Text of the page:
Travel agent turned travel author tells all

Screaming and sickness have played unexpected roles in the life of Jungle Jan.

She’s not as well-known by that moniker now because it’s been some time since Jan Petrar had her Jungle Travel agency in Kamloops.

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First the screaming, done silently in her head as she rode up front next to the pilot in a Boeing 737 one night. It’s a big plane, it was pretty much empty, having dropped off all its passengers and, as Petrar wrote in her first book, Travel, Turbulence and Technology: An Insider Memoir, the pilot had to do a nosedive approach to compensate for the size and lack of a full load of passenger weight.

“All I could see was the land below fast approaching and all I could fee was the sensation that we were plummeting. And then, at what seemed the last possible moment, they straightened the plane and we landed like a feather,” she wrote.

She was screaming in her head, Petrar said — but it also fuelled an interest in the technological side of the travel business.

The sickness side came later, after Petrar had spent years in the travel business. Sitting at home recovering, she created a bucket list that led to her second book, Around the World in 111 Days.

She’ll be talking about both on Saturday, Aug. 11, at 1 p.m. at Chapters Bookstore, 1395 Hillside Dr. in Aberdeen Village.

Boredom and happenstance led to her long career in the travel business, she said. Earlier in her career, she was “issuing licence plates in a small town in Saskatchewan, trying desperately not to cry out of sheer boredom.”

One day, the mail brought with it something from an insurance company advocating adding travel to similar companies. Petrar shared the information with her boss and a travel agency was created alongside the licence plate distribution.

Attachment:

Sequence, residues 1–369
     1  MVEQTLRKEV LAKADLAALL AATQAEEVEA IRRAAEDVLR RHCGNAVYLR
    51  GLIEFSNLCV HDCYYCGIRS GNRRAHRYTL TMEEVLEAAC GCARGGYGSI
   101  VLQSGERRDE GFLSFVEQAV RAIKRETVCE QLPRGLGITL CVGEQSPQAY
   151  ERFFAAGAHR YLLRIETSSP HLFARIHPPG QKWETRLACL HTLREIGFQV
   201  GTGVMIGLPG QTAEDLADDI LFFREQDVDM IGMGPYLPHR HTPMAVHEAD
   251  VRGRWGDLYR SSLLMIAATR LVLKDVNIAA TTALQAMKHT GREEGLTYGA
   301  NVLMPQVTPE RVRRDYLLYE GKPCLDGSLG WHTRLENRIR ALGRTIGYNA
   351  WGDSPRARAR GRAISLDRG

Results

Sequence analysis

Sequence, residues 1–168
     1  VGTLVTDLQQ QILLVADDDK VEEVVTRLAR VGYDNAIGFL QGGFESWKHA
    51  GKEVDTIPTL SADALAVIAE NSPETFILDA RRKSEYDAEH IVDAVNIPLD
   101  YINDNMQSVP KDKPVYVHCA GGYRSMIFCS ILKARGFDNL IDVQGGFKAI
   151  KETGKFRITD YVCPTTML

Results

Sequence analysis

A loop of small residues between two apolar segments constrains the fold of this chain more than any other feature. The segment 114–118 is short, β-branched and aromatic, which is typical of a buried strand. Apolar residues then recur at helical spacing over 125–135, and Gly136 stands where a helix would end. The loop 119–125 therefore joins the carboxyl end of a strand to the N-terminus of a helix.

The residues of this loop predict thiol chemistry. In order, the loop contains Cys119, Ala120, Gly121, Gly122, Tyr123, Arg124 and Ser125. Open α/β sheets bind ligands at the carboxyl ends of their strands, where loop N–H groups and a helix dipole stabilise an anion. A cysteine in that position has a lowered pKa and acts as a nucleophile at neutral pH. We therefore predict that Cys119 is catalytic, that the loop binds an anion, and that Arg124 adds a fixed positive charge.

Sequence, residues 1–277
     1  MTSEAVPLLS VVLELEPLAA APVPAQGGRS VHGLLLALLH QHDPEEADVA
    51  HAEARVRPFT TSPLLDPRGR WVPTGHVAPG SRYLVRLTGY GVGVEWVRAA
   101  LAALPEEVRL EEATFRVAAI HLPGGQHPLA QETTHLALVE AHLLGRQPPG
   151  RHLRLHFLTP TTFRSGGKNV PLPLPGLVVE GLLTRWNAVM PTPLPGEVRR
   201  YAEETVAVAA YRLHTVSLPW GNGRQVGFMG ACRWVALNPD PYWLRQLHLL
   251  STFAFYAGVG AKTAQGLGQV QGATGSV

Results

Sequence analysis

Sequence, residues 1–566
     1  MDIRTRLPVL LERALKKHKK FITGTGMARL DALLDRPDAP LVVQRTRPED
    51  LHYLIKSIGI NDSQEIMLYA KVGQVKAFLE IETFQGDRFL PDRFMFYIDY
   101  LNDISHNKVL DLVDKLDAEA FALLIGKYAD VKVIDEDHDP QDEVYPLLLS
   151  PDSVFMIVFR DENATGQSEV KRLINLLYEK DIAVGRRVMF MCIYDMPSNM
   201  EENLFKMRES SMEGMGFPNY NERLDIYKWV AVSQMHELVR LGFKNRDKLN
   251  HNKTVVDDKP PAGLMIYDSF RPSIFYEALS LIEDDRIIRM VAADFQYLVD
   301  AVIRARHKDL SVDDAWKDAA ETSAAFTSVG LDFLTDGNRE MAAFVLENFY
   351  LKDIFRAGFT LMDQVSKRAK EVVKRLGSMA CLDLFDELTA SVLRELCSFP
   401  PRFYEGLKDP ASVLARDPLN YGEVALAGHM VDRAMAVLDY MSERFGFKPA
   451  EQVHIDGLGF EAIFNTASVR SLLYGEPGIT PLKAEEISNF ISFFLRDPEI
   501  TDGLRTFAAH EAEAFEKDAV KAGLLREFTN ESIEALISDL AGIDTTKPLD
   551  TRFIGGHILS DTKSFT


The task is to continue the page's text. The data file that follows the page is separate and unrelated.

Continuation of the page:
When a new job called her husband to Kamloops, Petrar came along and opened Jungle Travel, immersing herself in her industry to the point where she became president of the B.C. and Yukon chapter of the Alliance of Canadian Travel Associations.

That led to several stories included in the first book, reminiscences of the time Air Canada was trying to take over Canadian Airlines International and the chaos it caused, but also of how advanced her industry was in using technology for bookings — and the role she played in it.

While the first is more an academic book, Petrar’s almost 300 pages on her trip around the world speak to her attitude toward travel itself through unique stories of her experiences.

She said she felt “the world doesn’t need another book telling them what to do in Hong Kong in a day,” so she used her own vision of what she calls a travelist to inform the book’s structure and content.

A travelist, she said, is someone who likes to be safe, doesn’t mind staying in hotels, but who has an attitude toward travel “where their brain stays connected” and they seek out adventures.

For her, that meant not spending a lot of time in the dozens of places she visited, but moving through them, taking in all she could and moving on.

She did it all on cruises, Petrar said, where her adventurous nature and curiosity led to things others might not think about while on a ship.

“How do they tie the ropes?” she said she asked about at one point. “And how do they organize the food service?”

It also led to some scary moments when one of the ships she was aboard was passing through waters known for piracy.

For Petrar, despite the anxiety that created, she marvelled at how she watched one deck’s open railing draped in razor wire as a deterrent and how convoys of military ships came to escort them.

“I was glad to see we have friends,” she said of the escorts.

Petrar said on her return home, it took her a long time to process what she had experienced in those 111 days.

“Whew, what did I just see?” she said she felt.

And she’s up for talking about just that when she takes her place at the bookstore on Aug. 11.

© Kamloops This Week
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